Argentina’s LBC Motorcycles builds a 70s-inspired scrambler…
The Yamaha XTZ125 is a lightweight dual-purpose bike built to be tough, reliable, and versatile in a range of environments. In factory trim, the 125cc XTZ looks much like a scaled-down version of the WR250R, though it’s simpler in design, featuring a carbureted SOHC air-cooled engine that makes around 12.5 horsepower. The bike weighs 118 kg (260 pounds) completely full of fuel and oil, with 21/18-inch wheels and just over 10 inches of ground clearance.
“Whether you ride in town or out into the rural countryside, on paved or unpaved roads, you’ll find the acceleration, cruising, cornering and stopping performance that you want in a motorcycle with the XTZ125E.” —Yamaha Global
If you look up user reviews of these 125cc dual-sports, you’ll find that owners absolutely love them, finding the XTZ a surprisingly fun and capable companion for all types of riding.
Our friend Juan Taurel, shop boss at LBC Motorcycles of Buenos Aires, Argentina, has made a name for himself building lightweight scramblers and street trackers. Some of them have their own LBC style, such as the Beta 200 “Mad Scrambler” we recently featured, while others are more retro-inspired machines that recall the glory days of 1960s scrambles and motocross.
This XYZ125 “Retro Scrambler” was built for a customer who wanted a lightweight scrambler for weekends spent in the dirt, on the backroads, and in the town center of Bragado, located in the interior of the province. Says Juan:
“The idea of this project was to make a tribute to a 1976 Yamaha YZ125. Although the donor bike is a four-stroke, we took some distinctive elements of the ’76 YZ such as the paint design, the shape of the side panels, and an approximation of the shape of the chassis. But like I said, it’s a tribute, not a replica.”
Juan says he enjoyed the project from the very start. As a big fan of 1970s motocrossers, he examined how to replicate their lines on a modern four-stroke, then set about modifying the chassis and fabricating the side panels, front number plate, and front mudguard in aluminum. We especially love how the LED lights are tucked subtly into either end of the motorcycle, while the battery is stored inside a custom waterproof electrical box.
Then there’s the iconic yellow-and-black Yamaha paint — the work of LBC’s go-to painter, Alejandro Minissale, who hand-painted the speed-block striping — no vinyl here! The result is a nostalgic scrambler that’s both street-legal and tons of fun in the dirt. Below, we talk to Juan for the full story on this “Retro Scrambler.”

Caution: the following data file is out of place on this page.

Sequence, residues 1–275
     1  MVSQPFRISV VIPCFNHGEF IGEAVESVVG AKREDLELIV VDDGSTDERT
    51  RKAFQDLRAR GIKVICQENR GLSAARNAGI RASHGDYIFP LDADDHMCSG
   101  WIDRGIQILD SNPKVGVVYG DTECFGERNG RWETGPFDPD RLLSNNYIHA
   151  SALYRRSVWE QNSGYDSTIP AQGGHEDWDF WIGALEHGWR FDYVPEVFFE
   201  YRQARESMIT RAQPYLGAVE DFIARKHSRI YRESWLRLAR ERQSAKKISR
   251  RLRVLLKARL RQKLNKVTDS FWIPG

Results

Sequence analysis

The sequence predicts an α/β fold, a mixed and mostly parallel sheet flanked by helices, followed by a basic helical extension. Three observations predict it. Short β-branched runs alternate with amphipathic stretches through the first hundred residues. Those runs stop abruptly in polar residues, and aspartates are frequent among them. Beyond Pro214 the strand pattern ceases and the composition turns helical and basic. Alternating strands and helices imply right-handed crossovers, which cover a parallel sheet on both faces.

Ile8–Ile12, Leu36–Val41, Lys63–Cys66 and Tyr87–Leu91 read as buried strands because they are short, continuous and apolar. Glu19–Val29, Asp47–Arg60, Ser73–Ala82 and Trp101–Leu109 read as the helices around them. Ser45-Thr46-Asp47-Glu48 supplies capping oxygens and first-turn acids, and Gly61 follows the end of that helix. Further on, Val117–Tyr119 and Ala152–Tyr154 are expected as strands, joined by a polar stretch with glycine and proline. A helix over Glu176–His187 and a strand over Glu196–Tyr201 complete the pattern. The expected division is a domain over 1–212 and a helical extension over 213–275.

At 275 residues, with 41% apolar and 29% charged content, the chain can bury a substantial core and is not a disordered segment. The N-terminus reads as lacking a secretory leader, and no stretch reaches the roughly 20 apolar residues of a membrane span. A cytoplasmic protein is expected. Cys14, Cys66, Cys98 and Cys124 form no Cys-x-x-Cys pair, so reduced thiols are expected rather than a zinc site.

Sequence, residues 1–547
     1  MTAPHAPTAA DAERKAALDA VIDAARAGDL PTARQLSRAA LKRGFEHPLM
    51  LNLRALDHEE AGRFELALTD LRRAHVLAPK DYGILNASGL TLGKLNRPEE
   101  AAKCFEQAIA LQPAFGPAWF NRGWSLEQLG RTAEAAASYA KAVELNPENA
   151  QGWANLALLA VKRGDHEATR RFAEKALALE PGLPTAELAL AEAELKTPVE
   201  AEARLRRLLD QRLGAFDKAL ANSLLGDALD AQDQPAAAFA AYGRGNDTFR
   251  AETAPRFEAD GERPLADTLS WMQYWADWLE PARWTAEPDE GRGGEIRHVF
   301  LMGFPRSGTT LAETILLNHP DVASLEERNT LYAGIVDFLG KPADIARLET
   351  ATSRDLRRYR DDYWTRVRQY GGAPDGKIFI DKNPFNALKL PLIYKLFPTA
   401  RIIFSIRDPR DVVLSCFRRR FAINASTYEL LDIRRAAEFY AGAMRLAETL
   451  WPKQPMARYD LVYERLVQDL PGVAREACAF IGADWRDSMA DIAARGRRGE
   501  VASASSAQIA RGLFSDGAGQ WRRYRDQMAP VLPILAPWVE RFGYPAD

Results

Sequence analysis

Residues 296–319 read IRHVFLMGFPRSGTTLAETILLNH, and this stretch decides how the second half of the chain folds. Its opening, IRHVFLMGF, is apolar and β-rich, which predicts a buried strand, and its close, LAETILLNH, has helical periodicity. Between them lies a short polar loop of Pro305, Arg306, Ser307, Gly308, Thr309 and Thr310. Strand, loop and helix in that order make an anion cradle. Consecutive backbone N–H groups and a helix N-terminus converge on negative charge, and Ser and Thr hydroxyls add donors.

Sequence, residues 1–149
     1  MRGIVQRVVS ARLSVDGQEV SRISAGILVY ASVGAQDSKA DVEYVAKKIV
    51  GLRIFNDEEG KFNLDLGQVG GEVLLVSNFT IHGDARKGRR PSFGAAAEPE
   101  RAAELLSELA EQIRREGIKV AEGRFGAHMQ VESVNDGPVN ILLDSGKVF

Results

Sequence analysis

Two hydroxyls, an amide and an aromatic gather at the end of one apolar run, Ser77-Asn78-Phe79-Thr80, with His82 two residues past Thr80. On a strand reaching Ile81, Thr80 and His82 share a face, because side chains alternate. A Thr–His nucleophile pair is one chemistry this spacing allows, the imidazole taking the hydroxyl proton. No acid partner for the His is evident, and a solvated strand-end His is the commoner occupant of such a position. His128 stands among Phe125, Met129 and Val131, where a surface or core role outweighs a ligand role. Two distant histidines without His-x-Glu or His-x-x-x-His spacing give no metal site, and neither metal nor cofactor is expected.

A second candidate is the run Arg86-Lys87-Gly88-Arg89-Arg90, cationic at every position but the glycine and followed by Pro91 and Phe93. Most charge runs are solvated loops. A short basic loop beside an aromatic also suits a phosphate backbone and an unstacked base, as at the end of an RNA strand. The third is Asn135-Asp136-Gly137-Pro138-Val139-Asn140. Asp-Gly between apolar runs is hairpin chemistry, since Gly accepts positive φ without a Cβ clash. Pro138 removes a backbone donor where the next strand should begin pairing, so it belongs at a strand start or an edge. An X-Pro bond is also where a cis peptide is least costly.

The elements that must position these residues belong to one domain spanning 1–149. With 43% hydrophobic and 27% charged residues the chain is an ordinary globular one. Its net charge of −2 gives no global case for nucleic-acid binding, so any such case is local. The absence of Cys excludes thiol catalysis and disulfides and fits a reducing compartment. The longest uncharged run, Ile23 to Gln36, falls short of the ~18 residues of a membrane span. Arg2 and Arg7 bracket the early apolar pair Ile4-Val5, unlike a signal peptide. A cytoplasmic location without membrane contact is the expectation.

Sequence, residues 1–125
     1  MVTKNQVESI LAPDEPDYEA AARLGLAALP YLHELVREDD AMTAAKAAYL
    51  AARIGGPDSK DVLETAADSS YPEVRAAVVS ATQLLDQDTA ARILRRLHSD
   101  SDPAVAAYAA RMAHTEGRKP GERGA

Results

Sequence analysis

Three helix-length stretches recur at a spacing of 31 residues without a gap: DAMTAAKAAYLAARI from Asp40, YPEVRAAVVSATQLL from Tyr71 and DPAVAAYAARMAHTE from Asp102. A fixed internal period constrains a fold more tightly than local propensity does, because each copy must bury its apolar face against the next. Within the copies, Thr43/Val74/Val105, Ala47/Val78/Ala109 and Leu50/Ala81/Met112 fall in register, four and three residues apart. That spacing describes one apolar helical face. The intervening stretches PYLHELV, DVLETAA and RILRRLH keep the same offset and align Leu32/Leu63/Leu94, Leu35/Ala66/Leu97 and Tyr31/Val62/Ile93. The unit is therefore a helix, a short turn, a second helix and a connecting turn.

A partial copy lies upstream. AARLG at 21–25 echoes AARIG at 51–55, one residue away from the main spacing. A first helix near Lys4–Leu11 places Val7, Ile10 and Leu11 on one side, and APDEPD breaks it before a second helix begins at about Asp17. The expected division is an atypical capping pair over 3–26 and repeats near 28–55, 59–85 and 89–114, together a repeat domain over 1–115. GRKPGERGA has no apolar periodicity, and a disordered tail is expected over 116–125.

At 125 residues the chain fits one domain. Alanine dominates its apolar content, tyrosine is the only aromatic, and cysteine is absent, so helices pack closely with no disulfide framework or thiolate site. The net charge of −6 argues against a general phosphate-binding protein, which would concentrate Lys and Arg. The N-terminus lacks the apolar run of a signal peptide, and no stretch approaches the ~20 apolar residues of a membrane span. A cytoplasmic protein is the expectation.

Yamaha XTZ125 Scrambler: Builder Interview
• Please tell us a bit about yourself, your history with motorcycles, and your workshop.
I’m Juan Taurel. Since 2012, I’ve had a custom motorcycle shop in Buenos Aires, Argentina, in the heart of the city, called LBC Motorcycles.
• What’s the make, model, and year of the donor bike?
The donor bike is a Yamaha XTZ125, 2017.
• Why was this bike built?
This bike was made for a customer. He wanted a little scrambler with a retro look to ride on weekends in the dirt, on the rural roads, and in his city of Bragado, in the interior of the Buenos Aires province.
• What was the design concept and what influenced the build?
The idea of this project was to make a tribute to a 1976 Yamaha YZ125. Although the donor bike is a four-stroke, we took some distinctive elements of the ’76 YZ such as the paint design, the shape of the side panels, and an approximation of the shape of the chassis. But like I said, it’s a tribute, not a replica.
• What custom work was done to the bike?
We modified the chassis and manufactured the side panels, front mask, and front mudguard in aluminum. The rear fender was made from a front fender of a Kawasaki from the ’90s — we cut it, gave it another shape, and adapted it to the Yamaha. We hid LED taillights in the rear of the seat and inside the front mask.
We added new MX tyres and a custom-made electric box, completely waterproof so you can use the bike in the water, on the dirt, and in the sand without problems. New handlebar, new speedometer, custom-built exhaust. And as always, our painter Alejandro Minissale gave it the touch of color — the classic Yamaha stripes are hand-painted, not stickers.
• Does the bike have a nickname?
LBC / Yamaha XTZ125 Retro Scrambler.
• Can you tell us what it’s like to ride this bike?
So fun! Super light bike.
• Was there anything done during this build that you are particularly proud of?
I enjoyed this project a lot. I love old bikes, and the customer gave me the freedom to make a bike inspired by 1970s motocross. So when he gave me the OK, I enjoyed every moment of the process, investigating the shape of the chassis of the 70s to achieve a line similar to the original, adapting the paint design — I really liked doing this little bike.
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